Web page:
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Brewers 2, Cubs 1: A Scary Moment

Fortunately, Javy Baez wasn’t seriously injured.

Photo by Stacy Revere/Getty Images

For 2018, the Cubs should petition MLB to have April 7 as an off day.

It was April 7, 2016 when Kyle Schwarber and Dexter Fowler collided in the outfield in Arizona, resulting in a knee injury that put Kyle out until the World Series.

Friday, April 7, 2017 in Milwaukee, every Cubs fan held his or her breath when Javier Baez and Jason Heyward collided chasing a popup into short center field [VIDEO].

It looked really, really bad at first. Baez was on the ground for a while, then shook his head several times after he got up. It appeared he was trying to convince Joe Maddon to leave him in the game, but wisely, Joe chose to have Javy looked at in the clubhouse.

Fortunately, this injury does not appear to be serious:

The rest of the Cubs’ 2-1, 11-inning loss to the Brewers was a frustrating mix of wasted chances. The Cubs left nine men on base and went 0-for-5 with RISP. That included having the bases loaded in the 10th inning with one out, but Ben Zobrist hit into a double play.

Zobrist accounted for the Cubs’ only run with a second-inning homer. It was the Cubs’ only extra-base hit of the evening. The six hits and six walks did produce some scoring opportunities, but no Cub crossed the plate in the last nine innings of the game.

Kris Bryant finally got off his season-starting 0-fer with a single, creating this oddity:

Sandberg finished 1985 hitting .305/.364/.504 with 26 home runs and 54 stolen bases. (Incidentally, that is one of just three Cubs seasons since 1906 when a Cub has stolen that many bases. Eric Young had 54 in 2000 and Juan Pierre 57 in 2006.) KB will be just fine.

But it would be nice to see the Cubs offense get jump-started.

Meanwhile, Cubs pitchers threw quite well, at least until the bases-loaded wild pitch by Mike Montgomery in the 11th gave the Brewers the win.

Brett Anderson had a successful debut for the Cubs, allowing five hits and a walk and just one run in 5⅔ innings. As is his style when he’s going good, he got eight outs on ground balls.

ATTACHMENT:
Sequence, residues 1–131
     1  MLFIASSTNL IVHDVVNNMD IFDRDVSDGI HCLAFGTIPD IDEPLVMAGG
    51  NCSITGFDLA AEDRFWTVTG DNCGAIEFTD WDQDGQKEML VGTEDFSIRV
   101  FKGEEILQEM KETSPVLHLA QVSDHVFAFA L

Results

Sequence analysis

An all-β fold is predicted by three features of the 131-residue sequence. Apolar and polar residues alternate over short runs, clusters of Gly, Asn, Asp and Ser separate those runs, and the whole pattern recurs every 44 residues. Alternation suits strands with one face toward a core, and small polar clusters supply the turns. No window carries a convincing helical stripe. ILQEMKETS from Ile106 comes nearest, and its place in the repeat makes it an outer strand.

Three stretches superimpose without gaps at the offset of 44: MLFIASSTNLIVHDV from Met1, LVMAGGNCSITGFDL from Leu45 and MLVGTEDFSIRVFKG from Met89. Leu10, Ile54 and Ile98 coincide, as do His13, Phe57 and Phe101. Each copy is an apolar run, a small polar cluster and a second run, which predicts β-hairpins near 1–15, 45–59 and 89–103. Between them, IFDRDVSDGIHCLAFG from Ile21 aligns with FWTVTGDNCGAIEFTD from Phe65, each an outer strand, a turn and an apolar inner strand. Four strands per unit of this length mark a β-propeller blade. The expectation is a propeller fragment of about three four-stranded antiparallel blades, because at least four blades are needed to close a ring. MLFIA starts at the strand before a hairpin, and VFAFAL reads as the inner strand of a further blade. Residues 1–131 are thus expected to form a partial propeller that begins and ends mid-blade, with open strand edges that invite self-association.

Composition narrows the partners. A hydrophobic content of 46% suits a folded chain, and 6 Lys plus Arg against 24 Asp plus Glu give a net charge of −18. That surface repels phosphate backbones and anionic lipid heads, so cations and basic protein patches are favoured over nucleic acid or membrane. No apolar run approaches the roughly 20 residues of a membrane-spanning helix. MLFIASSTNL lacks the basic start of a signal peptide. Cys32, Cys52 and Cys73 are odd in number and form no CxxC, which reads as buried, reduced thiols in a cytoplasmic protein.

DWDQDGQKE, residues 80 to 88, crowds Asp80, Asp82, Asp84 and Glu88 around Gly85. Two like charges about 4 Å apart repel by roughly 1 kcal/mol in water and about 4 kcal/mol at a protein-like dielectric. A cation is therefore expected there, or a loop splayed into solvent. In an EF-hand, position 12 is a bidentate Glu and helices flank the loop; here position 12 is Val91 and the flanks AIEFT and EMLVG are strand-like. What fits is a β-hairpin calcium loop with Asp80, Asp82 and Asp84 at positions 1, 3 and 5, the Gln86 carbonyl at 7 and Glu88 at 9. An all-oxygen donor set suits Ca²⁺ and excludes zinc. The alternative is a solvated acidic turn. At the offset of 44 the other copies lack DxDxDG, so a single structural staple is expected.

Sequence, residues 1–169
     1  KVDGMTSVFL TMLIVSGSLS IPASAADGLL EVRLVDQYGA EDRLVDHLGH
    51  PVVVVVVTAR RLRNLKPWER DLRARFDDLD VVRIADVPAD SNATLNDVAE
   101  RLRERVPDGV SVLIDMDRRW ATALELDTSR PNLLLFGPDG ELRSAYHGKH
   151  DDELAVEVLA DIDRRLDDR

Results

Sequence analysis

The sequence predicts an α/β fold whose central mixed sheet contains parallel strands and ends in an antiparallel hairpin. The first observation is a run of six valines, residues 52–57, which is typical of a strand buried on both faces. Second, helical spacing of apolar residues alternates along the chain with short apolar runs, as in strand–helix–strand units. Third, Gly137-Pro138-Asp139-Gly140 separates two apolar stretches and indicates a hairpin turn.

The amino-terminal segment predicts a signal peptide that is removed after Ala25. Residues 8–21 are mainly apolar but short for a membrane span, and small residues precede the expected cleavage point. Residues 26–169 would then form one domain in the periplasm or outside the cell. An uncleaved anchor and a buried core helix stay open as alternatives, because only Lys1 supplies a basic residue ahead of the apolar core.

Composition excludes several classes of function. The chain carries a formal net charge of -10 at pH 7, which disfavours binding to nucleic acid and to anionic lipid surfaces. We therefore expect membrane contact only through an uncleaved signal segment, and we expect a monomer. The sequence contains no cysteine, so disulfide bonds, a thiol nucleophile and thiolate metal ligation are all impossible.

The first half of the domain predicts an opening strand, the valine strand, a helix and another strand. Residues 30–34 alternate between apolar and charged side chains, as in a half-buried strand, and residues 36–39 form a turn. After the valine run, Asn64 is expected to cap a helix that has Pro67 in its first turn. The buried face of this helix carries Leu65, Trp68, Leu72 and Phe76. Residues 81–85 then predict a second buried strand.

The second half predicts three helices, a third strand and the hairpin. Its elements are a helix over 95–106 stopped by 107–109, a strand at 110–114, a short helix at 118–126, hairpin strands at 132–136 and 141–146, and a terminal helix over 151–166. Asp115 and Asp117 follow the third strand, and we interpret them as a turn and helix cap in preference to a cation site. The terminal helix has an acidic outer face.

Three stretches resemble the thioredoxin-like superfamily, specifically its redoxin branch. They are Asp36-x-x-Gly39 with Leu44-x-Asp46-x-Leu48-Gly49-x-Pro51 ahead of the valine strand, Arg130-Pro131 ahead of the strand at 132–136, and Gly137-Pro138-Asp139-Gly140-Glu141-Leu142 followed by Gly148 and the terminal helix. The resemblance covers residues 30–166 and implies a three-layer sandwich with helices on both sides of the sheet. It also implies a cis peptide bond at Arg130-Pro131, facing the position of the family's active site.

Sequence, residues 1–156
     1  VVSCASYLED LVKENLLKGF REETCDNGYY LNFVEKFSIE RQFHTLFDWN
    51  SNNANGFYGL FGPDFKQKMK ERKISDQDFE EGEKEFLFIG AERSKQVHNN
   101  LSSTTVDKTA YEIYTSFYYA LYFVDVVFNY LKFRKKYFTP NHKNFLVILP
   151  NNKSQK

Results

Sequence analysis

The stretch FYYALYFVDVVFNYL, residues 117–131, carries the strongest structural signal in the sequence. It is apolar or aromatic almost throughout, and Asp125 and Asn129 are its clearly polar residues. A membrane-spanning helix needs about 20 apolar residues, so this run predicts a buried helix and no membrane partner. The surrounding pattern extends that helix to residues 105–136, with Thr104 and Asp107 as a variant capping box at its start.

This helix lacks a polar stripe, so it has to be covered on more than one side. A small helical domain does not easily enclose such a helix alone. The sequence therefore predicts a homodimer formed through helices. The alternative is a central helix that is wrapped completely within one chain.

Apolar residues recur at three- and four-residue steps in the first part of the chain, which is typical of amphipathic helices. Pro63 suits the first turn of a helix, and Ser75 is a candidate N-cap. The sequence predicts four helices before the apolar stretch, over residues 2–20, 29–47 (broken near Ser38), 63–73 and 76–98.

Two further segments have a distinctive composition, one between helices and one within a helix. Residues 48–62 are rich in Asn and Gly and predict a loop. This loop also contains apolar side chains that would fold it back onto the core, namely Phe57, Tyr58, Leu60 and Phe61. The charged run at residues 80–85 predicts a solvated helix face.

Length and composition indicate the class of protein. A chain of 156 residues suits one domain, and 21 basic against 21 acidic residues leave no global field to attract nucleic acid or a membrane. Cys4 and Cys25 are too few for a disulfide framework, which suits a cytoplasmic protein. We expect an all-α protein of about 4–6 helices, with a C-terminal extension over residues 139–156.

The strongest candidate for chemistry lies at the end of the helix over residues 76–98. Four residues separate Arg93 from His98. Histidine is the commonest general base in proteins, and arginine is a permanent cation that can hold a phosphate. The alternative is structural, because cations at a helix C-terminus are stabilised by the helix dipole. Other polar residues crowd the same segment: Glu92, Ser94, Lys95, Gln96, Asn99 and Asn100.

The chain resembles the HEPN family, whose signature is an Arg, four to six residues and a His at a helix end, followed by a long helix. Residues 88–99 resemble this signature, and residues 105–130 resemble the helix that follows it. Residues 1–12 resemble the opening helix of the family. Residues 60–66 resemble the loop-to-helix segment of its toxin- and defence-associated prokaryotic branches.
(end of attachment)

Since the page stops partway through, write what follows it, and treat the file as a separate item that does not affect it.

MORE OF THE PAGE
Relievers Justin Grimm, Koji Uehara and Hector Rondon combined for 2⅓ innings of scoreless relief. That’s particularly good news about Rondon, who did not have a good spring. He’s looked like the Hector of old in his two appearances so far this year. And Uehara has thrown three innings so far this season and allowed just one hit and one walk. Small sample size, but he looks like he’s going to be a very important member of this year’s bullpen. Also:

Montgomery threw pretty well for the first two innings of his appearance, but with one out and two Brewers on base, Monty hit Jett Bandy.

Joe Maddon then put together a five-man infield which included, technically, Anthony Rizzo as his “left fielder,” although Rizzo stayed between first and second base. Kyle Schwarber came in and played near first base, and both players switched gloves to make it legal.

None of that mattered when Montgomery uncorked the wild pitch. He had Manny Pina down 0-2, too. before that pitch.

So the Cubs are 2-2. The good news is that the rest of the division isn’t playing all that well and the .500 record puts the team in second place, one game behind the first-place Reds. And you know the Reds aren’t going to be in first place very long. Also, it would be nice to have a laugher of a win — three of the Cubs’ first four games have been decided by one run and the other one was Thursday’s two-run victory over the Cardinals.

The Cubs complete their first run through the five-man rotation Saturday evening when Kyle Hendricks makes his 2017 debut. He’ll face Milwaukee lefthander Tommy Milone.